; Youngsters champ down on watermelon during Fourth of July cele-
bration Monday at the Kings Mountain Parks and Recreation
Department. More photos on page 4-A.
Big turnout for 4th celebration
By GARY STEWART
Editor of the Herald
The word around town was that
the City's Fourth of July celebra-
tion would be scaled down this
yeat because of the city's financial
crunch - and until just two weeks
ago there was even hint that it
would be cancelled altogether.
But, it would be hard to con-
vince the hundreds of citizens in
attendance that the" event - and es-
pecially the 10 p.m. fireworks dis-
play - was anything less than spec-
Parks and Recreation
Department officials did an excel-
lent job preparing for and carrying
out the event, which not only didn't
lose any money but made a little
‘thanks to an excellent financial day
at the swimming pool and conces-
Swimming and field events -
such as watermelon eating con-
tests, balloon tosses, horseshoe
to hear Sides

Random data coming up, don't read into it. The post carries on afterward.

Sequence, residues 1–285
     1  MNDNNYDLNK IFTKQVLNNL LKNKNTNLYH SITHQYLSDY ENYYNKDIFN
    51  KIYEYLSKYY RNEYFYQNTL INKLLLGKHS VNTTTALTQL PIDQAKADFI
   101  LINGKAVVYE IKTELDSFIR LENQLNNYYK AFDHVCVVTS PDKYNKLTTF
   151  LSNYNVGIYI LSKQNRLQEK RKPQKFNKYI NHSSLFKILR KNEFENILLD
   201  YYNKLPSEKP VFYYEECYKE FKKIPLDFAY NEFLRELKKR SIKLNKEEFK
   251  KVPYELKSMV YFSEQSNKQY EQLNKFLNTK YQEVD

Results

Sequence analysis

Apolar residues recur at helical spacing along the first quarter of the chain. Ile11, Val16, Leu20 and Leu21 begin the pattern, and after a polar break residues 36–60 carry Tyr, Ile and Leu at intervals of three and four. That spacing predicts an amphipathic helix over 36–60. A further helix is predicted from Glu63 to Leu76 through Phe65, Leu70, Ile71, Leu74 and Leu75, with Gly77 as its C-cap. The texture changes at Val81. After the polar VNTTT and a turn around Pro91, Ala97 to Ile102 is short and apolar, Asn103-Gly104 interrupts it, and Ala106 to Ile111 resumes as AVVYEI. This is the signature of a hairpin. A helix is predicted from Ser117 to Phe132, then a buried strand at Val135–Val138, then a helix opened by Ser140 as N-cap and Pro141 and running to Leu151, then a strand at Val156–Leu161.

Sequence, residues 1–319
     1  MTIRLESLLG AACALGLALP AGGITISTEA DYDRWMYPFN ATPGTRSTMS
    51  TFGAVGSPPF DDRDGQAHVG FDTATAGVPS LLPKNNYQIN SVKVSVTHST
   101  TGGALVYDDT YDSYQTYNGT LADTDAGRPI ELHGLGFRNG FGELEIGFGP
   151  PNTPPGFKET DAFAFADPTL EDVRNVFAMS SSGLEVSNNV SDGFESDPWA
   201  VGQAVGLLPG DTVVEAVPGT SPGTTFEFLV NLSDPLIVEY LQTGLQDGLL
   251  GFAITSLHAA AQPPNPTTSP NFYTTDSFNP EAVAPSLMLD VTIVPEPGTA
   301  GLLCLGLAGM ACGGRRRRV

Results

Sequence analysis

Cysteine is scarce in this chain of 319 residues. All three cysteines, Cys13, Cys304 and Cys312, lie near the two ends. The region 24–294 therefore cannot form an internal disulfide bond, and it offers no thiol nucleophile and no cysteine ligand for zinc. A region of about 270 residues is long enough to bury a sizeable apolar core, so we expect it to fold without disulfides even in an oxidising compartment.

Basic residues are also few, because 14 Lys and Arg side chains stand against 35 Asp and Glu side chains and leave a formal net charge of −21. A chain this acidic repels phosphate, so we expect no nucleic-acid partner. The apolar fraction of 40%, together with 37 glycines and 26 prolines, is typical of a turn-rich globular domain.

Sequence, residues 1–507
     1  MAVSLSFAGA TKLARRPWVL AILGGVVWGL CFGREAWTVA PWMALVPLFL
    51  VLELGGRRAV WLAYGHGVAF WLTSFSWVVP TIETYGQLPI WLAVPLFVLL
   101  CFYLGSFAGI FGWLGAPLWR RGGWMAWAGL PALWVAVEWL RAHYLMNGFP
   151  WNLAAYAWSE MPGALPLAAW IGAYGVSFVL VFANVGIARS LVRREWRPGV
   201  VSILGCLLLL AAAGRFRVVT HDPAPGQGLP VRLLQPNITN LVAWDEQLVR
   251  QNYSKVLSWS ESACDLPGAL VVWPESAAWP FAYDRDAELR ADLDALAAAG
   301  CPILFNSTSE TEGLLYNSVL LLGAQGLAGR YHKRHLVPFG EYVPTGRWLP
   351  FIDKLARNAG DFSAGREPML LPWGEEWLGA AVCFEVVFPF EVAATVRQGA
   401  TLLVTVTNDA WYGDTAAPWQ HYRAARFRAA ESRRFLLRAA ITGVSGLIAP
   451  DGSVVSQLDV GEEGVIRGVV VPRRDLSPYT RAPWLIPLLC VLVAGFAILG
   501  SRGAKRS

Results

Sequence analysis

GROVER - A closed bearing in-
to the recent firing of policeman
Robbie Sides will be conducted by
the Town Board Monday at 7 p.m.
Sides is also serving his first
term as councilman. j
Mayor Ronald Queen said the
hearing is closed to the public. He
said the hearing will determine if
Sides' termination as a police offi-
cer will be overturned, as Sides re-
Sides was fired by Chief Paul
Cash after what Cash called an in-
ternal investigation into his role in
a March high speed chase of a man
suspected of robbing and assault-
ing a cab driver at Cleveland Mall
parking lot. The chase ended in a
wreck that sent both men to the
* hospital and totaled Grover's po-
Both Cash and Sides are expect
ed to give details of the incident in
the presence of attorneys and full
open at City Hall
The Kings Mountain branch of
the Cleveland Chamber has opened
new offices on the second floor of
Kings Mountain City Hall.
The office is open Monday
through Friday from 9 am-1 p.m.